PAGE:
[gclist] Buffy finalizer slayer.

Giuliano Carlini gcarlini@us.oracle.com
Fri, 11 Jun 1999 09:41:51 -0700


Sounds a bit like the "guardians" work done by Dybvig. Check out:


Charles Fiterman wrote:

> All problems with finalizers come from the fact they raise dead objects to
> alter the bits of the living. Eliminate that and all the problems turn into
> dust.
> So instead of running a finalizer lets send out a death notice. I call
> objects receiving a death notice watcher objects. One way of building a
> watcher object is to include a weak pointer to the object to be shut down.
> There are more efficient schemes but they require collector changes and
> weak pointers are very safe and may have other uses. The watcher object
> lives on a list of watcher objects and after each collection the user scans
> the list for watcher objects that got a death notice in the form of a
> zeroed weak pointer. Perhaps the collector could increment a count of weak
> pointers zeroed which the user could decrement.
> Those watcher objects can be run by the mutator and discarded doing the
> work the finalizer would have done. If you have a file object that needs to
> close when unreferenced its watcher needs a copy the file handle. In fact
> the file object can be factored so the things needed by the watcher object
> live there and the file object points to the watcher object. The user must
> factor out the watcher object.
> Lets open the medieval text on the evils of finalizers. It has plenty of
> death and destruction but watcher objects seem to solve every problem.
> Finalizers can save a pointer to their object creating a loose pointer or
> raising it from the dead indefinitely. Watcher objects never have a pointer
> to a dead object, if they did it wouldn't be dead.
> Finalizers must run in an order determined by the collector with no
> knowledge of mutator semantics. But this can involve never running the
> finalizers at all if they point in a circle. Further that order may result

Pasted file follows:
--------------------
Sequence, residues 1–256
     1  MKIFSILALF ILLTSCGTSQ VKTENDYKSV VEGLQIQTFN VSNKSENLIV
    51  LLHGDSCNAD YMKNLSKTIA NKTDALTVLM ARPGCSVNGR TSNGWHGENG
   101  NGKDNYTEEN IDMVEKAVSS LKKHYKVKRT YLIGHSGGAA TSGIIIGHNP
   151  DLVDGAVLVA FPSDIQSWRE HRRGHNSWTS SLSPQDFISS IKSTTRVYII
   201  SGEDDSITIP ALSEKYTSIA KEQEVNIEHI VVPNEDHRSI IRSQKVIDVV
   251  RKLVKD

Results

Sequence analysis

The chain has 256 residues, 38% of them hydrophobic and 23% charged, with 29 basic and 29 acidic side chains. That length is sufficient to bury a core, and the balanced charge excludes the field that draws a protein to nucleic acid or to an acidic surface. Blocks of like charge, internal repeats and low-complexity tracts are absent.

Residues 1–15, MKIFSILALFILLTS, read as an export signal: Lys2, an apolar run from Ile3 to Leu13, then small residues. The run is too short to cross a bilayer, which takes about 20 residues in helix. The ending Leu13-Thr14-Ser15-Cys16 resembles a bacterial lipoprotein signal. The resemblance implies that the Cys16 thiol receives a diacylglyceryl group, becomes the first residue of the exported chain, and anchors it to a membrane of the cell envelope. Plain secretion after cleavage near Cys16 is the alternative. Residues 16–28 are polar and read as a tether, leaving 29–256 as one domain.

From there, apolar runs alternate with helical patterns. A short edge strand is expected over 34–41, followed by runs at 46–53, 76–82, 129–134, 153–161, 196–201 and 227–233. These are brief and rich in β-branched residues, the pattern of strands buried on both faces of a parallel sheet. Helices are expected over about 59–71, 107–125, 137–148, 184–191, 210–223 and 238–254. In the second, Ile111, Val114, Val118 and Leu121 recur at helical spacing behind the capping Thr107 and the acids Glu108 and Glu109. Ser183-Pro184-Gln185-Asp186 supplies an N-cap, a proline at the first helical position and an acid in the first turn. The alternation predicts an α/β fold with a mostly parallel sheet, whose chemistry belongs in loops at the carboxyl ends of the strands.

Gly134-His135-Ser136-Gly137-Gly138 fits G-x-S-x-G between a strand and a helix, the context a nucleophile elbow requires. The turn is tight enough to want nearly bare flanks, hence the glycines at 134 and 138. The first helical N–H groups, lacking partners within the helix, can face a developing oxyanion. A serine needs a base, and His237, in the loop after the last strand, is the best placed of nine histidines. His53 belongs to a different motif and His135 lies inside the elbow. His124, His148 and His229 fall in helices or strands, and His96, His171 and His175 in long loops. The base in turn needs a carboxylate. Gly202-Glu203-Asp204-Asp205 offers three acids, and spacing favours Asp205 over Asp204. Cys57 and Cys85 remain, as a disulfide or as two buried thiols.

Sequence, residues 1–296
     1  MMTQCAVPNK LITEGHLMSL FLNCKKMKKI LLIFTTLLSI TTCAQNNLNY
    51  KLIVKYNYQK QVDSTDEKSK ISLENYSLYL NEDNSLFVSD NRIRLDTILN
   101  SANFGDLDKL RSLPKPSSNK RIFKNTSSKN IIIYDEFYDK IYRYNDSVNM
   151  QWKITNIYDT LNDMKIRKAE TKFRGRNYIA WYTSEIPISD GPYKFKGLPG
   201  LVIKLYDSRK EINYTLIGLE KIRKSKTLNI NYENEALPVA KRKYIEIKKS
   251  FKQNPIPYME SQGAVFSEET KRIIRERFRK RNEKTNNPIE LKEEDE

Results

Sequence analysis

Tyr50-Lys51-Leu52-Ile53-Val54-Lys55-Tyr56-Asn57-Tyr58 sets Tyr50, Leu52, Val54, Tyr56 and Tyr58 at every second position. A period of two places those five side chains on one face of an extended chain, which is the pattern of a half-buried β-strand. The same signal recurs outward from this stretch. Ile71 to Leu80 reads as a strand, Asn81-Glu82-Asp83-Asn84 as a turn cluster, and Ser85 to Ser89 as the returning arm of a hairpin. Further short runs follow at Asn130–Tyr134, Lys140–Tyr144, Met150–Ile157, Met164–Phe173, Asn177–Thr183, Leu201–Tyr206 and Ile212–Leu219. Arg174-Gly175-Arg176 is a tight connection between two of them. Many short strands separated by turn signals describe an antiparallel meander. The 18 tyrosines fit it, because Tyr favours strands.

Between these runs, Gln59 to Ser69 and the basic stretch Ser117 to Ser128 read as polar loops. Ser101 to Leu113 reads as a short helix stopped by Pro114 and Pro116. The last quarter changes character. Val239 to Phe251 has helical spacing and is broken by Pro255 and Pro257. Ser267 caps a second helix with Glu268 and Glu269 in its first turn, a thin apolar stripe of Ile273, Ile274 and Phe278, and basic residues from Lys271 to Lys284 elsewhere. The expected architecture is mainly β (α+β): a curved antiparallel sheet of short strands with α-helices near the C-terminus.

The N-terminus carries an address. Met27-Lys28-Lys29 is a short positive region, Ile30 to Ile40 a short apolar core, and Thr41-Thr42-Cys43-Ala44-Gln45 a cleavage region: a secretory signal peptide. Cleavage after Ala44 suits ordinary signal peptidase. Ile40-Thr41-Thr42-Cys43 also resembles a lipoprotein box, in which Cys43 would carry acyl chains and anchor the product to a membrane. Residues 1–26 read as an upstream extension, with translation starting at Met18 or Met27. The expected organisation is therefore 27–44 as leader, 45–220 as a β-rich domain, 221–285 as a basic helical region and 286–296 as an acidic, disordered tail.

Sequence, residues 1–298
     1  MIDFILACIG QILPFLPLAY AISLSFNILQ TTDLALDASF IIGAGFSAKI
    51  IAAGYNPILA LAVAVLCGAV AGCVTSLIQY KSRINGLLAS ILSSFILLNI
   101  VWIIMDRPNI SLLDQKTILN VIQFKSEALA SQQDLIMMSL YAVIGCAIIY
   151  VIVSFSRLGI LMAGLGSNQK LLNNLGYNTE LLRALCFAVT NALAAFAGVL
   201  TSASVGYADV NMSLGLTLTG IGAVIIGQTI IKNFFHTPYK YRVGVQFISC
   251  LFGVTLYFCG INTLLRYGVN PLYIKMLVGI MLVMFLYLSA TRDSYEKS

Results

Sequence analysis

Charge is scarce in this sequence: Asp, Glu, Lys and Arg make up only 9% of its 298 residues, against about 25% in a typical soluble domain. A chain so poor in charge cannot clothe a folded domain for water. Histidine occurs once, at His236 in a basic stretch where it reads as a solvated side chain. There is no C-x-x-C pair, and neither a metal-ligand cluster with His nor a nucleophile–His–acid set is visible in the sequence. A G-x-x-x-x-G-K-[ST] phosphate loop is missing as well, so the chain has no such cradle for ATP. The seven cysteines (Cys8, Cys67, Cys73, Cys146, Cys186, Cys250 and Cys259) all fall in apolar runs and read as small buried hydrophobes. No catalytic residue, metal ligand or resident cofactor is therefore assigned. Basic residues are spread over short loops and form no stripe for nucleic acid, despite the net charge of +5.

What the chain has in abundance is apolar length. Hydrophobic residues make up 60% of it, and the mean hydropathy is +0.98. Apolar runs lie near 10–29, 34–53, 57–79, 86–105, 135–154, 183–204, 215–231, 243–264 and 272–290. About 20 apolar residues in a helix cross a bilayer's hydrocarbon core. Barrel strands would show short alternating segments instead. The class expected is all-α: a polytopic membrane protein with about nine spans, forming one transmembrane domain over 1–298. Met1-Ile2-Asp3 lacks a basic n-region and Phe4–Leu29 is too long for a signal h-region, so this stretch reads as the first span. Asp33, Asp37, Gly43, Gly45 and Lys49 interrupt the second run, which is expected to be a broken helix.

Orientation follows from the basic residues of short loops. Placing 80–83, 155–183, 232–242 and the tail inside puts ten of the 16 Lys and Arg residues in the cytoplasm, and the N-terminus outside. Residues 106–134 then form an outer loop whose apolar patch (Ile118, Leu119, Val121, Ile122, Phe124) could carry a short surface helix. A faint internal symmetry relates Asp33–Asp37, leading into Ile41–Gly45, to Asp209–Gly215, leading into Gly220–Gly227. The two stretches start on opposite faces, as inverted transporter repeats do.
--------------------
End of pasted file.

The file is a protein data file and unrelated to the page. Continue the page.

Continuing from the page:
> in keeping dead objects alive indefinitely as in a long list of finalizer
> objects. Watcher objects all get death notices at the end of the collect
> cycle and the mutator determines their order. If the mutator can't the
> collector doesn't have a hope.
> Finalizers may allocate storage and trigger a collect from within the
> collector. Watcher objects are run from within the mutator and if they
> trigger a collect the mutator gets to ask mutator type questions like "Do I
> resort the watcher objects?"
> Finalizers left unrun at end of job can only be discarded. Any watcher
> objects still unnotified at end of job are still on a list and the mutator
> can decide what to do with them. This requires semantic information the
> collector doesn't have and can't get.
> Finalizer objects may throw exceptions from within the collector which has
> no notion of what to do with them. Watcher objects throw exceptions from
> within the mutator which knows exactly what to do with them if anyone does.
> Finalizer objects are run in the thread that ran the collection which is
> likely to be chosen at random. Watcher objects are run by the mutator in
> the manner chosen by the mutator. The mutator can point some other object
> at an active watcher to run at a really good time.
> Finalizer objects require extra collector overhead in a world where we are
> judged by latency. Watcher objects run at the convenience of the mutator.
> A garbage collector says "I'll give you the illusion of infinite storage by
> freeing objects that can never influence the order of execution again."
> Finalization says "Once an object can never influence the order of
> execution again I'll run a function that knows its address so it can
> influence the order of execution and maybe live for thousands of years or
> end of job which ever comes first." This cannot be a good idea. Lets drive
> a wooden stake through its heart.
> Charles Fiterman                  Geodesic Systems
> 414 North Orleans Suite 410       Phone 312 832 2015
> Chicago IL 60610-4418           FAX   312 832 1230
>                                   http://www.geodesic.com
> ...computers in the future may have only 1,000 vacuum tubes
> and weigh only 1/2 tons.  --  Popular Mechanics, March 1949